After changing into a white muslin gown with a pattern of mint green ivy leaves, Henrietta hurried down to the drawing room. She found her aunt reading as she lay back comfortably amid cushions on a high-backed satin sofa. Aunt Gabrielle obviously spent much of her time in this room. Despite its grand proportions, it had a relaxed feel. Books were piled on every surface. A japanned lacquer looking glass, which hung over the Adam’s white marble fireplace reflected the late afternoon sun slanting in through long windows, framed by richly brocaded silk hangings. Aunt Gabrielle’s babies, two adorable liver-spotted cocker spaniels lay asleep on the rose pink and blue patterned rug by the fire. They woke at Henrietta’s entrance and bounced up to welcome her. She bent to stroke their silky coats.
“They like you,” Aunt Gabrielle said. “Animals are instinctive.”
A servant girl with an ample white apron pinned behind laid out the tea things on the pedestal table. Henrietta selected an iced cake and listened to her aunt’s exciting plans for the Season. When her father joined them, he and her aunt’s conversation drifted back to the past. Saddened, Henrietta listened to their reminiscences of the time when her mother was alive. But she could never stay down for long, and after eating several more delicious tiny cakes with her coffee she was eager to see the house. She begged a tour, and her aunt, with a laugh and a shake of her head at her father, rose to oblige her.
There were no social engagements planned for that evening and after a game of faro they retired early. Her aunt warned her that city hours were different from the country. She must get used to dining later, retiring in the early hours of the morning then sleeping until noon. It sounded refined and perfectly delightful. Henrietta was sure she would quickly adjust. She drifted off to sleep to the foreign sounds of the metropolis beyond the window, far noisier than the country.
Henrietta woke refreshed. Sunlight peeked through the curtains of her new bedchamber. The clatter of carriage wheels over the cobbles and the jingle of harnesses drew her to the window. She shrugged into her dressing gown and opened the French doors stepping out onto the balcony. A smart carriage passed at a fast clip, with a man nodding off to sleep inside. It was most probably bearing some nobleman home from an engagement that kept him up ’til dawn. A merchant’s cart pulled up at the curb with foodstuffs to deliver below stairs. A group of thoroughbred horses danced along, ridden by the gentry on their way to ride in the park. She clutched her blue silk dressing gown around her and edged forward for a better look.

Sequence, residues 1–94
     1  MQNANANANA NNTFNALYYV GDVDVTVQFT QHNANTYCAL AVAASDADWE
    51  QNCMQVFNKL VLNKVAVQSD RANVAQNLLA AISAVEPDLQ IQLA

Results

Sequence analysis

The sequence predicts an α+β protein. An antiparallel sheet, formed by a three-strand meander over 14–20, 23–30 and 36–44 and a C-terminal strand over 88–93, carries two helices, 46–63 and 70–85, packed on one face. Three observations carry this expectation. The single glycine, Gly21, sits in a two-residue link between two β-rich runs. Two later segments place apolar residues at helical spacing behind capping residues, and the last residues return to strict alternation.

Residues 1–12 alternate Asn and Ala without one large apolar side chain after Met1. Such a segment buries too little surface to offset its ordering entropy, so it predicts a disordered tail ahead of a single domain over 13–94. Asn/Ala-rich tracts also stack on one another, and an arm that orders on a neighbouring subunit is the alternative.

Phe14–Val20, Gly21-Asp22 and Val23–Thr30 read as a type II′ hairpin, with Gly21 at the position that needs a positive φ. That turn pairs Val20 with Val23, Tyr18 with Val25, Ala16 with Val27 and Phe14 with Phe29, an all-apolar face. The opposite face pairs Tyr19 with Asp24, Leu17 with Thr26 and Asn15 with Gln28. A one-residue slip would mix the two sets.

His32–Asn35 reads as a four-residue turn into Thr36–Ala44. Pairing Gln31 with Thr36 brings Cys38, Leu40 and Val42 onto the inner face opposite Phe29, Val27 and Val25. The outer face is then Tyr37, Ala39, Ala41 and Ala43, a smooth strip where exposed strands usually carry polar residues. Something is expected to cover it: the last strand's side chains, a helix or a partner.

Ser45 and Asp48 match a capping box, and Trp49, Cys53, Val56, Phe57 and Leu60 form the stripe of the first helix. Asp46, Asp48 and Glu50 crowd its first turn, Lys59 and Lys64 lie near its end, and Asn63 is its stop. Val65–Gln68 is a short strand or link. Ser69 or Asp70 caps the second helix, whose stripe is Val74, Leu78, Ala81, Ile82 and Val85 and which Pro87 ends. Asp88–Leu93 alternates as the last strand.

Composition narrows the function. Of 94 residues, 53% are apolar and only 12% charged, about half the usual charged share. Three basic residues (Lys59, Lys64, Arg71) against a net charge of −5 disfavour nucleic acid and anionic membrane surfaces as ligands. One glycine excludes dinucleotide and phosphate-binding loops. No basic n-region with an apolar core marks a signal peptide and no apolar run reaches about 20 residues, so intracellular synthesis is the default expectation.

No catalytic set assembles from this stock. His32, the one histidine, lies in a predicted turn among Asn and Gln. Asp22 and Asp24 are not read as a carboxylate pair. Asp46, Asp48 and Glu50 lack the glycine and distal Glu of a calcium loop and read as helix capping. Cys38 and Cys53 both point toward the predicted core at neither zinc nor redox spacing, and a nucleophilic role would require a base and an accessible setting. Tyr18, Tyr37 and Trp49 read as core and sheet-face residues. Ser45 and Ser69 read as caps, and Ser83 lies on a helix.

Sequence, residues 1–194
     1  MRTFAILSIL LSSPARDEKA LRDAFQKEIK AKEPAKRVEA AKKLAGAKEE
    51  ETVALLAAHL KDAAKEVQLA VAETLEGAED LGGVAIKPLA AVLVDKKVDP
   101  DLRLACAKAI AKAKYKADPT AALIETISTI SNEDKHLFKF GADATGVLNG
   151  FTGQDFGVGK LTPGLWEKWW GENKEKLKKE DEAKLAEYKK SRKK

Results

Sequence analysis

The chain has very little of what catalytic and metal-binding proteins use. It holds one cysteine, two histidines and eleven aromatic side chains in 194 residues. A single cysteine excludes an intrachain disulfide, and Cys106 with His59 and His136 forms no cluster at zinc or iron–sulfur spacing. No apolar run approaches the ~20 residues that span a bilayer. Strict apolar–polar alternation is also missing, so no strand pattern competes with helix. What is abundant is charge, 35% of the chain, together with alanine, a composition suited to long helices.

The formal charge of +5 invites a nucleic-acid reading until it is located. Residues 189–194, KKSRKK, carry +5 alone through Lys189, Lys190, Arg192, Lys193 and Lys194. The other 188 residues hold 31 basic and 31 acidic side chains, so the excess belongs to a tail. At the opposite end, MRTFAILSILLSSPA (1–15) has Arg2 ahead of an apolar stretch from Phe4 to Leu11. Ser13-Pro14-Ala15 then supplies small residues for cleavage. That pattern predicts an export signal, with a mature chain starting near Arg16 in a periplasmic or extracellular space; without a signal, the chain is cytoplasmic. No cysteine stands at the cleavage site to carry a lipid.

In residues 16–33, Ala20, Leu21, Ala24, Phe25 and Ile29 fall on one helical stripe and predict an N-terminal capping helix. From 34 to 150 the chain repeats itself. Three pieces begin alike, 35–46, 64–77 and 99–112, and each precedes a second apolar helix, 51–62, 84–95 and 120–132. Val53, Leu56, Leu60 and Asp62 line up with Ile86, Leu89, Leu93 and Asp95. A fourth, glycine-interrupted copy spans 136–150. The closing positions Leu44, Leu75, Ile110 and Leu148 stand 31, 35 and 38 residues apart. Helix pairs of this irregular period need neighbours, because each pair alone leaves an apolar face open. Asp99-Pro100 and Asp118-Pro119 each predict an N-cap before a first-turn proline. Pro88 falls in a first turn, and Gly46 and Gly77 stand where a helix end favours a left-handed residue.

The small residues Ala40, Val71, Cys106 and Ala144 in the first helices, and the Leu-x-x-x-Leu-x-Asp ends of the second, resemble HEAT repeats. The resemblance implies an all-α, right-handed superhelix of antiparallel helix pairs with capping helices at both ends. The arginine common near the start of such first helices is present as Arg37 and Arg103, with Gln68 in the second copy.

A blood chestnut stallion pranced about, nervously rearing when a cart laden with vegetables got too close. The rider, a man in smart riding clothes, handled the excited horse with ease, patting its neck and settling the stallion down. He rode beneath Henrietta’s balcony and caught sight of her. With a devilish smile, he swept off his hat revealing hair as blue-black as a raven’s wing. Henrietta gasped and darted inside.
Aware of her dishabille, she peeked from behind the curtains. He laughed and rode off.
She swished the curtains shut. Oh, fig! Had she already committed a faux pas? Annoyed, she found the dark-haired man difficult to dismiss. She expected she would forget all about him tonight. It was her first ball. Suddenly ravenous, she pulled the bell for Molly. It was impossible to wait hours for breakfast.
* * *
Beaumont, rode through the park toward the gates. The early morning mist still clung in fragile cobwebs to the branches. The hired hack wasn’t up to too much, but the ride cleared his head. Back in Buckinghamshire, Thunder, his favorite horse, would be pining for him. He arrived back at the mews to find Gabrielle walking up and down the path in front of the stables.
“Why are you up so early?” he asked his sister-in-law as he dismounted.
“I’m worried.” She clutched some correspondence in her hand.
“Is that from Philippe?” He tossed the reins to the groom, and after leaving instructions to return the horse to the park stables, he walked beside her to the house.
“If only it was. It’s a friend of mine in Paris, Madame Fauquier. It’s distressing what is happening there.” She waved the letter. “There has been unbelievable bloodshed, Anthony! And I haven’t received a letter from Philippe for ages.”
“You know the state of the postal service. How long ago was that sent? But if we don’t hear from your brother soon, something must be done. I could write to the British Embassy,” he said thoughtfully. “But that would take some weeks.”
“Surely you can’t be thinking of traveling to France?” Gabrielle screwed the letter up in her hands. “The French National Assembly has turned against aristocrats. You are known there as the fourth Viscount Beaumont who married into a French aristocratic family. A Tory who believes in the monarchy. Did you not stand with Burke in Parliament against the actions of the French?”